Abstract: Using existing natural language and sentiment analysis techniques, this study explores different dimensions of mood states of tweet content relating to the refugee crisis in Europe. The study has two main goals. The first goal is to compare the mood states of negative emotion, positive emotion, anger and anxiety across two populations (English and German speaking). The second goal is to discover if a link exists between significant real-world events relating to the refugee crisis and online sentiment on Twitter. Gaining an insight into this comparison and relationship can help us firstly, to better understand how these events shape public attitudes towards refugees and secondly, how online expressions of emotion are affected by significant events.

Paper Nr: 50
Title:

Efficient Social Network Multilingual Classification using Character, POS n-grams and Dynamic Normalization

Authors:

Carlos-Emiliano González-Gallardo, Juan-Manuel Torres-Moreno, Azucena Montes Rendón and Gerardo Sierra

Abstract: In this paper we describe a dynamic normalization process applied to social network multilingual documents (Facebook and Twitter) to improve the performance of the Author profiling task for short texts. After the normalization process, n-grams of characters and n-grams of POS tags are obtained to extract all the possible stylistic information encoded in the documents (emoticons, character flooding, capital letters, references to other users, hyperlinks, hashtags, etc.). Experiments with SVM showed up to 90% of performance.

Paper Nr: 53
Title:

Recommending Groups to Users based Both on Their Textual and Image Posts

Authors:

Elias Oliveira, Howard Roatti, Gustavo Ramos Lima and Patrick Marques Ciarelli

Abstract: This article focuses on the recommendation of Facebook groups to users, based on the post profile of each user on Facebook. In order to accomplish this task, texts and images provided by users are used as source of information, and the experiments showed that the combination of these two types of information gives results better than or equal to the results obtained when using separately these data. The proposed approach in this paper is simple and promising to recommend Facebook groups.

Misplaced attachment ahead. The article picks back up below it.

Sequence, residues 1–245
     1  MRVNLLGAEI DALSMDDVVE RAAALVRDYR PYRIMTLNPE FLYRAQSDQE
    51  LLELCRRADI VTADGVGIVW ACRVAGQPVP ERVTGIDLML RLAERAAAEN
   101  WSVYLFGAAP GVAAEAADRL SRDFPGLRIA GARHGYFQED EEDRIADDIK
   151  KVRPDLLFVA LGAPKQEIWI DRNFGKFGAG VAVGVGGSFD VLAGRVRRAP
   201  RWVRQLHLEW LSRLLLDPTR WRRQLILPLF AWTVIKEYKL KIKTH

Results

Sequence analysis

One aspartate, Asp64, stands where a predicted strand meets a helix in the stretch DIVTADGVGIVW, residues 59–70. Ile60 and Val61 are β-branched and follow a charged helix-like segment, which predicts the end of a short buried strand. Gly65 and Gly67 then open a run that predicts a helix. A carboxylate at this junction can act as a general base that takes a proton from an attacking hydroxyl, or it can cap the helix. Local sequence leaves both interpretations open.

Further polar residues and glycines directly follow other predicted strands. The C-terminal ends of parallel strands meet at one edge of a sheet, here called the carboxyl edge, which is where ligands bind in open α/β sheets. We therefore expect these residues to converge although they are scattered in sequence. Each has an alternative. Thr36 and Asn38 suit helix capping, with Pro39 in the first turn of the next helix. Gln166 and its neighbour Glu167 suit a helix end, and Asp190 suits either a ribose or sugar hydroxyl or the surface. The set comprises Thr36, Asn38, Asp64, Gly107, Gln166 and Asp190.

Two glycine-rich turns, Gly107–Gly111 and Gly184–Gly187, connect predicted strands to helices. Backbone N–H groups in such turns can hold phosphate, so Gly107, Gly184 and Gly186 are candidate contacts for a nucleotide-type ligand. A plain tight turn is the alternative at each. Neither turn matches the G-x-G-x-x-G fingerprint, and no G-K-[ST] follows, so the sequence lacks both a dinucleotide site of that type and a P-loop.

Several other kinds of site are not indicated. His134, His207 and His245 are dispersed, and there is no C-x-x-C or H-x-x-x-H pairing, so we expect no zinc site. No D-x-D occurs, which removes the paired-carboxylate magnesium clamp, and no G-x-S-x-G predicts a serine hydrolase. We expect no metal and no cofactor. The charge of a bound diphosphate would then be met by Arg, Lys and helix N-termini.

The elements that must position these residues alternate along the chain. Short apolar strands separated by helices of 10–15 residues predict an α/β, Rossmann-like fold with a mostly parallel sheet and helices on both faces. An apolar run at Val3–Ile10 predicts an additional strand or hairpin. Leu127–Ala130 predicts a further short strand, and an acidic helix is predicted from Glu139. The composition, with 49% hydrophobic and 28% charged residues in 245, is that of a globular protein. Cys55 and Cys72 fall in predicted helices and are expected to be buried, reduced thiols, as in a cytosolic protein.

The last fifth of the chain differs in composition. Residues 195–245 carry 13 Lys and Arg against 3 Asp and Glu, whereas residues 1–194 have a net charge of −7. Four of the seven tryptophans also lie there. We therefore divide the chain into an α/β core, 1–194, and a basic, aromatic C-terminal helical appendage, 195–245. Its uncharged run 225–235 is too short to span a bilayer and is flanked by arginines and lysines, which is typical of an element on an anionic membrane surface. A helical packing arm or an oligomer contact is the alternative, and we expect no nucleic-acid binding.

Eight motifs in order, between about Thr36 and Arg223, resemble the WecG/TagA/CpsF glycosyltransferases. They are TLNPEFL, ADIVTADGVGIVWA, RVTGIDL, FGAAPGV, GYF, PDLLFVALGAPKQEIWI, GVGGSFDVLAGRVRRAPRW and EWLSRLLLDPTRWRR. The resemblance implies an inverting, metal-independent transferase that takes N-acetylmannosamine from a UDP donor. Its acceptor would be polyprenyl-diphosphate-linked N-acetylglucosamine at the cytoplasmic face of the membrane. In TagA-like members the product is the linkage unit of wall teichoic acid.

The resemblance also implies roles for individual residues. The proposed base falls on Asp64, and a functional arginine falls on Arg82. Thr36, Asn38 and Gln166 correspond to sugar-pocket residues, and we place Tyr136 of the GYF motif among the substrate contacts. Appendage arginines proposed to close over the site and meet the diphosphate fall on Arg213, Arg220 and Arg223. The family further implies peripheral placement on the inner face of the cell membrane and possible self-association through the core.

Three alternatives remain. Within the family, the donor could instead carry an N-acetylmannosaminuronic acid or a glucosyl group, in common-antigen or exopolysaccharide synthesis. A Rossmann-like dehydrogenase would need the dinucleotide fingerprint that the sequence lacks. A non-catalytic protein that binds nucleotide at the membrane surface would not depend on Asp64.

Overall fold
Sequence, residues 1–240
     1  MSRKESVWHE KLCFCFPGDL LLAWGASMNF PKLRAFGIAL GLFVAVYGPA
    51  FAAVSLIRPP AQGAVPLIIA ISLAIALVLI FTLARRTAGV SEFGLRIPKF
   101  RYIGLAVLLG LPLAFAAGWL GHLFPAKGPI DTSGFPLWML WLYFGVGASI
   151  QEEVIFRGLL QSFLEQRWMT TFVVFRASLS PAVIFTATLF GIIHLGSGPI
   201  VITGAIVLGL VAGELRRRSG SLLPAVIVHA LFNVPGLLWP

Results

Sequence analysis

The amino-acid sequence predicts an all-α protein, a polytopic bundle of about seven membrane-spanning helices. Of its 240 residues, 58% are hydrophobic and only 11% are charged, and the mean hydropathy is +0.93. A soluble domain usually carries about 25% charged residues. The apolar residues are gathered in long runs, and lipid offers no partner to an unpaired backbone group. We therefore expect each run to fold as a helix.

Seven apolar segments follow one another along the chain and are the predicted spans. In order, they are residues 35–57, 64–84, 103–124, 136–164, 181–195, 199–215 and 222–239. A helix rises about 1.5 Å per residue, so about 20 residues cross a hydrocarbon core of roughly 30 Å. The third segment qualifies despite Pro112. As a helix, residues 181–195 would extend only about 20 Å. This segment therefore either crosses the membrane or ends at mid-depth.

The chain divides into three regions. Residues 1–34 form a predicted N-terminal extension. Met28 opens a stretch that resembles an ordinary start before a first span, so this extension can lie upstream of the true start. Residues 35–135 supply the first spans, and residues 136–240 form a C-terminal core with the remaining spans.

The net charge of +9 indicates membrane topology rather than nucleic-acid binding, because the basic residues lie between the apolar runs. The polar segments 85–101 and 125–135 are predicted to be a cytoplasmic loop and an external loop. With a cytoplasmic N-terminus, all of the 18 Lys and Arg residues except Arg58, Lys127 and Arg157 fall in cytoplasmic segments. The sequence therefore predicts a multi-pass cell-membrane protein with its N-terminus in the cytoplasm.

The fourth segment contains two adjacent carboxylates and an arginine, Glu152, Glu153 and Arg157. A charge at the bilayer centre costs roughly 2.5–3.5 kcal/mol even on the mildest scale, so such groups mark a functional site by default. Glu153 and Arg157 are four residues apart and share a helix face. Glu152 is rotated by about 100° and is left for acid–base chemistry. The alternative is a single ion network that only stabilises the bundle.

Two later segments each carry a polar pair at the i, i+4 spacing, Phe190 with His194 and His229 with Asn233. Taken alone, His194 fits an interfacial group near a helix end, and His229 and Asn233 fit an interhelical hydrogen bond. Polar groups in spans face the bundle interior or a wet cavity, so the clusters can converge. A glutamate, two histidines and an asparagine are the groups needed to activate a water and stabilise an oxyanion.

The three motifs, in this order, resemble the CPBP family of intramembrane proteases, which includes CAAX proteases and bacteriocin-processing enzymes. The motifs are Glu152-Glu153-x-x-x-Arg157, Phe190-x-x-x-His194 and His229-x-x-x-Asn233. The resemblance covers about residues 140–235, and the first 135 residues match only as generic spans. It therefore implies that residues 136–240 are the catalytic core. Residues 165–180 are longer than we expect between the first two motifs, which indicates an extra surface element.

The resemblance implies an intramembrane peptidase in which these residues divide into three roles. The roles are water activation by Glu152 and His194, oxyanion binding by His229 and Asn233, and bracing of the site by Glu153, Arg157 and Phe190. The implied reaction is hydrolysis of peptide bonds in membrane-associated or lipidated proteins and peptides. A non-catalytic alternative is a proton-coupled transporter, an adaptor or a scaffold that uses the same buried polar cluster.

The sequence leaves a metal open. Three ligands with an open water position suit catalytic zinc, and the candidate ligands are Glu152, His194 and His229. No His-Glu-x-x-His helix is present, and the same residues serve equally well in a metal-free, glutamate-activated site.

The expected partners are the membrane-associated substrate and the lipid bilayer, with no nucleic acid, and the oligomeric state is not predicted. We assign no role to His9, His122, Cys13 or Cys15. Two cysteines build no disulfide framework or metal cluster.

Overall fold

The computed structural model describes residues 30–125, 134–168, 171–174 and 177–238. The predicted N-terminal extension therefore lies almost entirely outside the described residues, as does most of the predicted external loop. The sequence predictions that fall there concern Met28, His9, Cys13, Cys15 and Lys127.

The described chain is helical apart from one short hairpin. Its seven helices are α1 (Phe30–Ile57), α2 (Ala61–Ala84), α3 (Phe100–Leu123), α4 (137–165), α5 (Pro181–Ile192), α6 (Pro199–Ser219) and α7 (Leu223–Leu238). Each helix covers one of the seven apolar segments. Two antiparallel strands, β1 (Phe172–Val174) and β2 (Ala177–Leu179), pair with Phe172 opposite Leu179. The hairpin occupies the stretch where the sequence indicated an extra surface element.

Paper Nr: 61
Title:

The Longest Common Subsequence Distance using a Complexity Factor

Authors:

Octavian Lucian Hasna and Rodica Potolea

Abstract: In this paper we study the classic longest common subsequence problem and we use the length of the longest common subsequence as a similarity measure between two time series. We propose an original algorithm for computing the approximate length of the LCSS that uses a discretization step, a complexity invariant factor and a dynamic threshold used for skipping the computation.

Paper Nr: 64
Title:

Syllabification with Frequent Sequence Patterns - A Language Independent Approach

Authors:

Adrian Bona, Camelia Lemnaru and Rodica Potolea

Abstract: In this paper we show how words represented as sequences of syllables can provide valuable patterns for achieving language independent syllabification. We present a novel approach for word syllabification, based on frequent pattern mining, but also a more general framework for syllabification. Preliminary evaluations on Romanian and English words indicated a word level accuracy around 77% for Romanian words and around 70% for English words. However, we believe the method can be refined in order to improve performance.